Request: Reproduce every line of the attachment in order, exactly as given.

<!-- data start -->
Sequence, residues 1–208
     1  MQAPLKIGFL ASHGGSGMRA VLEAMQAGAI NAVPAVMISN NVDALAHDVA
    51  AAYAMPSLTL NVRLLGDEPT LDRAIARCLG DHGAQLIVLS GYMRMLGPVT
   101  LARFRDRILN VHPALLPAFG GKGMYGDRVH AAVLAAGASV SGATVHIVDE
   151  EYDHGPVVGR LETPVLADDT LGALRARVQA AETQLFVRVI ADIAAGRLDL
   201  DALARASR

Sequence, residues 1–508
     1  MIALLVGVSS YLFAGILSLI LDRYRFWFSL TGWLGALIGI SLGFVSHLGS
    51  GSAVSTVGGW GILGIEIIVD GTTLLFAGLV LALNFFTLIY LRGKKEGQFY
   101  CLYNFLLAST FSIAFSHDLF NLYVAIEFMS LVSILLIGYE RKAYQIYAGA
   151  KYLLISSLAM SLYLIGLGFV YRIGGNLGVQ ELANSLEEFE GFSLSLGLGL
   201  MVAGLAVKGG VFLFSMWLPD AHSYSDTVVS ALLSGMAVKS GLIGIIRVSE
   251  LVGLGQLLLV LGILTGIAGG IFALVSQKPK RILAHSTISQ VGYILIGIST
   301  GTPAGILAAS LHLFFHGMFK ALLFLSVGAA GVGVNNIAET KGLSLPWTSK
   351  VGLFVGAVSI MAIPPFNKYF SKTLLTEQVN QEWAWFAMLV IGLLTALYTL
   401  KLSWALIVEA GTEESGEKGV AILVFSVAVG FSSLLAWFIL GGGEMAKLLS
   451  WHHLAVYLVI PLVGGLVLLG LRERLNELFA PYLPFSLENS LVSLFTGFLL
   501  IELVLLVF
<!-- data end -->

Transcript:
Sequence, residues 1–208
     1  MQAPLKIGFL ASHGGSGMRA VLEAMQAGAI NAVPAVMISN NVDALAHDVA
    51  AAYAMPSLTL NVRLLGDEPT LDRAIARCLG DHGAQLIVLS GYMRMLGPVT
   101  LARFRDRILN VHPALLPAFG GKGMYGDRVH AAVLAAGASV SGATVHIVDE
   151  EYDHGPVVGR LETPVLADDT LGALRARVQA AETQLFVRVI ADIAAGRLDL
   201  DALARASR

Sequence, residues 1–508
     1  MIALLVGVSS YLFAGILSLI LDRYRFWFSL TGWLGALIGI SLGFVSHLGS
    51  GSAVSTVGGW GILGIEIIVD GTTLLFAGLV LALNFFTLIY LRGKKEGQFY
   101  CLYNFLLAST FSIAFSHDLF NLYVAIEFMS LVSILLIGYE RKAYQIYAGA
   151  KYLLISSLAM SLYLIGLGFV YRIGGNLGVQ ELANSLEEFE GFSLSLGLGL
   201  MVAGLAVKGG VFLFSMWLPD AHSYSDTVVS ALLSGMAVKS GLIGIIRVSE
   251  LVGLGQLLLV LGILTGIAGG IFALVSQKPK RILAHSTISQ VGYILIGIST
   301  GTPAGILAAS LHLFFHGMFK ALLFLSVGAA GVGVNNIAET KGLSLPWTSK
   351  VGLFVGAVSI MAIPPFNKYF SKTLLTEQVN QEWAWFAMLV IGLLTALYTL
   401  KLSWALIVEA GTEESGEKGV AILVFSVAVG FSSLLAWFIL GGGEMAKLLS
   451  WHHLAVYLVI PLVGGLVLLG LRERLNELFA PYLPFSLENS LVSLFTGFLL
   501  IELVLLVF